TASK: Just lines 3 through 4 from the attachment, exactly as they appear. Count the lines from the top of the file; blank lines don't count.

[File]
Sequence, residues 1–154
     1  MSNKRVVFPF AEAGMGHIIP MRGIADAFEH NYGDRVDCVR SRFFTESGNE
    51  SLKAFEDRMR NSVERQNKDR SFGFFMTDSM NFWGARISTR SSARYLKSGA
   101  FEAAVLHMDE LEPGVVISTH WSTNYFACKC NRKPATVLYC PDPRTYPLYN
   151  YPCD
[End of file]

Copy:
    51  SLKAFEDRMR NSVERQNKDR SFGFFMTDSM NFWGARISTR SSARYLKSGA
   101  FEAAVLHMDE LEPGVVISTH WSTNYFACKC NRKPATVLYC PDPRTYPLYN